# Determining 3D position after time

I'm trying to figure out how to calculate an object's angle to a fixed point after a certain amount of time, given the following information:

1: The origin 0,0,0 is your stationary point of view (the aforementioned fixed point)
2: The distance and bearings to the object from the origin are known
3: The bearings are given in one horizontal angle and one vertical angle
4: The speed and heading of the object are known and constant

I will use the following values in an example:

1: Object speed: 100 m/s
2: Object starting distance from origin: 2000 m
3: Object bearing from origin: 1°00′00″ horizontal, 2°00′00″ vertical
4: Object heading: 130°00′00″ horizontal, 5°00′00″ vertical
5: Position to calculate after t = 60 s

I'm guessing the solution would involve the following method:

1: Determine the starting coordinates of the object, based on the horizontal and vertical bearings, and the distance.
2: Use the object's starting coordinates, its heading, and its speed multiplied by t = 60 to determine its coordinates after the specified time.
3: Determine the angle from the origin to the coordinates at t = 60.

It looks like there is a lot of trigonometry involved in this. Perhaps this is easier to solve than it looks, but to me, it appears to have a lot of steps involved in it. Or perhaps there is a better method to solving this? Some formula I'm unaware of?

• I'm not sure what any of that means. As for what I tried to do, I thought I could use the distance formula and solve for the variables, as I knew the distance and the origin coordinates, but I quickly realised that I'd be solving for three unknowns (the x, y and z of the starting coordinates). – Hiigaran Jun 6 '17 at 3:43
• The bearing from origin to the start? That's the known information listed in point three of the example. Or did you mean what I did to try and solve for the bearing from origin to the t=60 coordinates? If the latter, I didn't make it that far. – Hiigaran Jun 6 '17 at 3:51
• Ok i see the edit. This is trivial then.. Just apply the line equation and you are done. – Brethlosze Jun 6 '17 at 3:54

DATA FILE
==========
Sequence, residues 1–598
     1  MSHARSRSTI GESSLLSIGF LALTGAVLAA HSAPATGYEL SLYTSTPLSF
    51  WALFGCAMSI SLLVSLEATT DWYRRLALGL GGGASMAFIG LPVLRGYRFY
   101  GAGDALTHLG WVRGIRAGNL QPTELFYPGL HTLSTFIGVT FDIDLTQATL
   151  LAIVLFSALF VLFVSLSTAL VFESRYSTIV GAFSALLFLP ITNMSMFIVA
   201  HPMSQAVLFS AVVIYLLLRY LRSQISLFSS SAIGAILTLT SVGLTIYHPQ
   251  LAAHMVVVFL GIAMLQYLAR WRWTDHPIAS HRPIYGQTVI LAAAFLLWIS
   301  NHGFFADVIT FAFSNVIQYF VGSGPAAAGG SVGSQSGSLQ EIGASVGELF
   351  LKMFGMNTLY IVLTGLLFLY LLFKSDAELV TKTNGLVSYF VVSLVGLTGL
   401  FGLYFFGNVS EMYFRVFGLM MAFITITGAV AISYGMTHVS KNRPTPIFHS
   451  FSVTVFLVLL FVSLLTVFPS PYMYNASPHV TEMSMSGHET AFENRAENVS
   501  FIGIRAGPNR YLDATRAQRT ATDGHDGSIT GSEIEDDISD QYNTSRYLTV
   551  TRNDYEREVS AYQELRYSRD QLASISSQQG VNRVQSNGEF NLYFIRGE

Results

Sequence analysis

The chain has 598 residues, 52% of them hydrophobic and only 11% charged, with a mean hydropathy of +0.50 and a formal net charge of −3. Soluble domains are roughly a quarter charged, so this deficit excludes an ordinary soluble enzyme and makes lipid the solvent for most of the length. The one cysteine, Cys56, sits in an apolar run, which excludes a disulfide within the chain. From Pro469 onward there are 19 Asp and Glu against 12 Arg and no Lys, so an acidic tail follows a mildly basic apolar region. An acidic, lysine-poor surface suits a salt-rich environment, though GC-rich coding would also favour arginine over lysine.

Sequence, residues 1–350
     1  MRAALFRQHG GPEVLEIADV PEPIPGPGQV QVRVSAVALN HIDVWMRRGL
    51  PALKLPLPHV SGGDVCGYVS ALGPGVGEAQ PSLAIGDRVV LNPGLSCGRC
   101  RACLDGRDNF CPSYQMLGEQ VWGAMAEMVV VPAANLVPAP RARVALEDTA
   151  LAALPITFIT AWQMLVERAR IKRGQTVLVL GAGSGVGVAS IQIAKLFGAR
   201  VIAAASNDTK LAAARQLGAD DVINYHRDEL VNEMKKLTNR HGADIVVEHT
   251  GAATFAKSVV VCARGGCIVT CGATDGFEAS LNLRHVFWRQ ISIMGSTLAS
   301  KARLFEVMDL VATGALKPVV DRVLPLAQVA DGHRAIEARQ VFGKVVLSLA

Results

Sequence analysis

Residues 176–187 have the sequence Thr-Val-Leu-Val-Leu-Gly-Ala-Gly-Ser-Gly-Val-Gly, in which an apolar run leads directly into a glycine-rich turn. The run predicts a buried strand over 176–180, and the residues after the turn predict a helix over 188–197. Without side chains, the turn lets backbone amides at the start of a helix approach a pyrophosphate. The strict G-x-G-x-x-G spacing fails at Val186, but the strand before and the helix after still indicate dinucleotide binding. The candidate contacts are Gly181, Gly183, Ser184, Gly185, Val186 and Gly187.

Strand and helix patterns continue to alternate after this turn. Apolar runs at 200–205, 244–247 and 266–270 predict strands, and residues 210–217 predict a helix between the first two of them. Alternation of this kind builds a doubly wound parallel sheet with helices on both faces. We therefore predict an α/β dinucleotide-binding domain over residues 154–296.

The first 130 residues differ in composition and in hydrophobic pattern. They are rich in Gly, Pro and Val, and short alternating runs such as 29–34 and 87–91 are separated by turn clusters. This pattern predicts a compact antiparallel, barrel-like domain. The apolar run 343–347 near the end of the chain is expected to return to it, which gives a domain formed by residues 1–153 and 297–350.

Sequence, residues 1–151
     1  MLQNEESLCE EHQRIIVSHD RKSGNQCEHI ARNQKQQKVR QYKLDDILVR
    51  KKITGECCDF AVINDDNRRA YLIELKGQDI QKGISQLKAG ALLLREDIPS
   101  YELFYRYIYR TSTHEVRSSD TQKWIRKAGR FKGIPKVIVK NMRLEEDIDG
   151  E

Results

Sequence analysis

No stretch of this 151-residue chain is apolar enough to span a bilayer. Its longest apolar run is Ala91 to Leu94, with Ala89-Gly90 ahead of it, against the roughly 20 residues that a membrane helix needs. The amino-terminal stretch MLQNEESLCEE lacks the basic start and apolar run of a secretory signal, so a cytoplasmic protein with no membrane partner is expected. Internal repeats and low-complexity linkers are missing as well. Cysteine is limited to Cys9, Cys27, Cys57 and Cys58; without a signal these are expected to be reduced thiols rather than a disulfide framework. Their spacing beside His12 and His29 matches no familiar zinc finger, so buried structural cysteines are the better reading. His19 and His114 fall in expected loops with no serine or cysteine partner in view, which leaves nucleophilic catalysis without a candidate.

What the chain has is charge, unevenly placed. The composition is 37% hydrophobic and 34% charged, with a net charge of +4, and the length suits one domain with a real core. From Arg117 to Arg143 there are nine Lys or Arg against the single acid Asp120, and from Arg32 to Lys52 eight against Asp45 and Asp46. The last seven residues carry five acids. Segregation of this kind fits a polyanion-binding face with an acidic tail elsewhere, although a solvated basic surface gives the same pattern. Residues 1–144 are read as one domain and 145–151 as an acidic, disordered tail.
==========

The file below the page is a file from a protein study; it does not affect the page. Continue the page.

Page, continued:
## 1 Answer

You list an object bearing from the origin, presumably that is at the start of your time period. That gives you an $(x,y,z)$ based on the distance which we can call $d$. Then add the vector that is the object motion in $60$ seconds. That will give a final location that depends on $d$. You still don't have any information that allows you to measure $d$. It started somewhere on a ray from the origin and is now on a different ray, but you can't find the point along the ray. Once you find another piece of data to determine $d$ you will have a unique solution, which will involve a bunch of trig to change angles into distances. Why are you opposed to the trig? That just generates constants to multiply by.

• I thought d would be the speed of the object multiplied by the time you want to solve for. Speed of 100 m/s with t=60 would be 6000. Or did I misunderstand what you meant by missing information? – Hiigaran Jun 6 '17 at 3:45
• That tells us how far it moved, but we don't know where it started. If it was way far away at the start that much motion won't change the angles we observe it at much. If it started very near the origin, the angles at the end will be the direction of motion. – Ross Millikan Jun 6 '17 at 3:50
• Just do everything in Cartesian coordinates. Where do you measure the bearings from? If from the $x$ axis, the starting position is $(2000 \cos 1^\circ \cos 2^\circ, 2000 \sin 1^\circ \cos 2^\circ, 2000 \sin 2^\circ)$ Compute the displacement the same way. Add that to the starting position. You will need some $\arccos$ and $\arcsin$ functions to get the angles at the end. – Ross Millikan Jun 6 '17 at 4:37
• You are probably putting degrees into the spreadsheet but it expects radians. The first set looks right since $1^\circ \approx \frac 1{57} \approx \sin 1^\circ$ – Ross Millikan Jun 6 '17 at 5:08
• You compute the $x,y,z$ displacements from the motion. The total displacement is $60\cdot 100=6000$ and you apply the same trig functions to get the components. Add that to the starting location and you have the ending location. – Ross Millikan Jun 6 '17 at 14:05